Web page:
3.4. How do I move a list to a different server/Mailman installation.
Note: the process of moving lists and archives from one Mailman 2.1.x installation to another same or newer release installation is very straightforward. It has been outlined several times on the firstname.lastname@example.org list. A couple of recent posts are at http://mail.python.org/pipermail/mailman-users/2007-January/055208.html and http://mail.python.org/pipermail/mailman-users/2007-January/055211.html.
Also, see 4.70 How do I change the name of (rename) a list? which talks about changing the name of a list on a given server, but the process for moving a list to another server without changing its name is similar.
There is a document at http://www.debian-administration.org/articles/567 which may also be helpful. It is fairly general, not too Debian specific.
Barry Warsaw has described the process he went through to upgrade from 2.0.10 to 2.1b2, which is similar to the process of moving a list from one server to another, at the following link:
Proceed at your own risk, it may or may not be relevant.
The process of removing subscribers from one list and moving them to another is described in the FAQ answer at:
If you can only move part of the list due to not having full read permissions to the old list, you can regenerate the archive from the .mbox of the old archive using the techniques described in this FAQ answer:
Finally, you also need to update the MTA aliases. Run <mailman>/bin/genaliases to generate the list (or actually update if you've configured Mailman for you MTA).
Kevin Gagel's steps for moving Mailman from different OS and upgrading to a newer version.
Going from Redhat 7.3, Mailman 2.1.4 to SuSE 8.0, Mailman 2.0.4 while upgrading 2.0.4 to 2.1.5. This can be done in three basic steps.
1.)Copy the lists from the old server to the new server.
2.)Upgrade Mailman from 2.0.4 to 2.1.5
3.)Set the permissions and correct the url.
1 To copy the lists, cd into the mailman directory that holds "data", "archives", and "lists". Use tar to compress them into three files like this:
tar -cpvW -f /root/mmdata ./data tar -cpvW -f /root/mmarchives ./archives tar -cpvW -f /root/mmlists ./lists
Then copy these three files to the new server under the mailman directory where the above directories exist. Once you've done that, cd into that directory and begin the expansion with the following:
tar -xvf mmdata tar -xvf mmarchives tar -xvf mmlists
2 Set the permissions from this directory with:
chown -R nobody:mailman . chmod -R a+rx,g+ws .
3 Now your ready to upgrade from 2.0.4 to 2.1.5, follow all instrunctions for your upgrade in the UPGRADE document. You'll find that in the source package you've downloaded. For the configure process I had to use these paramaters:
--prefix=/usr/lib/mailman --with-var-prefix=/var/lib/mailman --with-groupid=nogroup --with-python=/usr/bin/python
I had use these because SuSE splits the package and installed it to different locations. You can go with the default Mailman install if you'd like. Just be sure to locate the three tar files and expand them to the correct mailman directory.
4 Now your ready to fix the installation. By now you should have mailman running and working but your old lists and archives don't yet show up. This step fixes that. Cd into the mailman/bin directory. Run the following command for each list you have transfered:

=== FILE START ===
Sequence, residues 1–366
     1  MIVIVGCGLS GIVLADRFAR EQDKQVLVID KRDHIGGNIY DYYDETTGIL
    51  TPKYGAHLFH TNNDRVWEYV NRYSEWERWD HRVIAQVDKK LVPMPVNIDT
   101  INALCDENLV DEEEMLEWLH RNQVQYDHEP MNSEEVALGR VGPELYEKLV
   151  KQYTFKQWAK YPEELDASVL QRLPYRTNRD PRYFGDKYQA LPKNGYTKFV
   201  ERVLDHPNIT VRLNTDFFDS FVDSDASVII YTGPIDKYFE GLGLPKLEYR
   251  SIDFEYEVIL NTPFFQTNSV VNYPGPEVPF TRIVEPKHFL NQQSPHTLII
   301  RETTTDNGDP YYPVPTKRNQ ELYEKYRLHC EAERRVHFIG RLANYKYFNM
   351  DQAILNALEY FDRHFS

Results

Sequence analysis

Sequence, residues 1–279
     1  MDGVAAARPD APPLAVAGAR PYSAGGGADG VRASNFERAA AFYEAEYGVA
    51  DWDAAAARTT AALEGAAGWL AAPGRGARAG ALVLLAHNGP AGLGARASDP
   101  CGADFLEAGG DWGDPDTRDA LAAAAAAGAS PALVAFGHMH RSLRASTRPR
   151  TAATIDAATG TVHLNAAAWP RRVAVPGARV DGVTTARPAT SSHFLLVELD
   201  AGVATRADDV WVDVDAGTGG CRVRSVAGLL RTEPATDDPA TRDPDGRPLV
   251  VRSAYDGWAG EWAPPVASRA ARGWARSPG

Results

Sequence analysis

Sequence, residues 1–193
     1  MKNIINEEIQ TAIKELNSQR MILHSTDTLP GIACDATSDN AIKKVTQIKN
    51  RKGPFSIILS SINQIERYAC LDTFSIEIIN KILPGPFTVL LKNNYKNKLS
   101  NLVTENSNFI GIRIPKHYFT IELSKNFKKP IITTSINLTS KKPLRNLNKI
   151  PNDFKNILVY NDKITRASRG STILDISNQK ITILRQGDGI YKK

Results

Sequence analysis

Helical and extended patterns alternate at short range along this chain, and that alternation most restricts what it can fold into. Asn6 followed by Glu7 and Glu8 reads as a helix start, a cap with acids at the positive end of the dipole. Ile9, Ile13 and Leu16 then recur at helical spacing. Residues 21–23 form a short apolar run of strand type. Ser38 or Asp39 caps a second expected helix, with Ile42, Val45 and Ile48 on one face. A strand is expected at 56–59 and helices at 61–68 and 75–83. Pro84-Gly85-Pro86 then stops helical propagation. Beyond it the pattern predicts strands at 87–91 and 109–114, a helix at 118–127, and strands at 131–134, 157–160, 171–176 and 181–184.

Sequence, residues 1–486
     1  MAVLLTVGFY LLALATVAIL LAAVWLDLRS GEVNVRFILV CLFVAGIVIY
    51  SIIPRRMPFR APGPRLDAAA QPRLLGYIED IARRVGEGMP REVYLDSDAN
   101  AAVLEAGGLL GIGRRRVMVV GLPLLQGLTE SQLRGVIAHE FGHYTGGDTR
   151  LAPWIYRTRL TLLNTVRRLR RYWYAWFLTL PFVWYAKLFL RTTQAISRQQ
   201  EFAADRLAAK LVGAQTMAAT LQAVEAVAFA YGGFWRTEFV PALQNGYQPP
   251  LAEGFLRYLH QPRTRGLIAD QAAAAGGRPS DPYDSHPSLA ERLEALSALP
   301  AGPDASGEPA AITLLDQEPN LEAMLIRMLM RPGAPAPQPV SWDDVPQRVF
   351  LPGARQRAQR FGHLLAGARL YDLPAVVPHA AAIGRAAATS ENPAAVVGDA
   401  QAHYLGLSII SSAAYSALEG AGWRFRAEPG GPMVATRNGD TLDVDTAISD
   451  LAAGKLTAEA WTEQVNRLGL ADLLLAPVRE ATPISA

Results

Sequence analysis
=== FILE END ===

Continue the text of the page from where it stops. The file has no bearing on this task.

withlist -l -r fix_url listname
All should be well and working now. One caveat that might occur is you'll start getting notices about a missing stringIO modules. If this occurs to you then delete the following directories from the mailman directory and redo the above steps:
archives data lists locks logs qfiles spam
If your transfering from one OS to another and the locations of files have changed you'll find that you loose access to the archives. The fix for this is to delete the links in the /pathto/mailman/archives/public directory and redo them with the correct link to /pathto/mailman/archives/private/listname and listname.mbox The key to this one is to examine what you currently have and fix it to what it should be.
Converted from the Mailman FAQ Wizard
This is one of many Frequently Asked Questions.
Whoa. No, batch subscription is NOT the same thing as moving a list, and it is not an answer to the question, "How do I move a list to a different server?"
What this page describes is in no way a List Administrator task; everything relevent here can only be done at the command-line with system access, and as such is a Site Administrator task. Yes, Mailman should provide a way for List Admins to do this, but it doesn't. One has to be a Site Admin to move lists from one server to another. Thus this whole page belongs under 4 Site administrator tasks, not here under 3 List administrator tasks.
Probably the entirety of this page should be replaced (here) with, "List administrators cannot move lists. Only Site administrators can move lists."
The previous comment regarding this being a site admin task rather than a list admin task is correct, however I don't agree with the remark "Mailman should provide a way for List Admins to do this, but it doesn't". The implication of that seems to be that anyone who owns any Mailman list could move it to my server without my involvement. Is this what is wanted?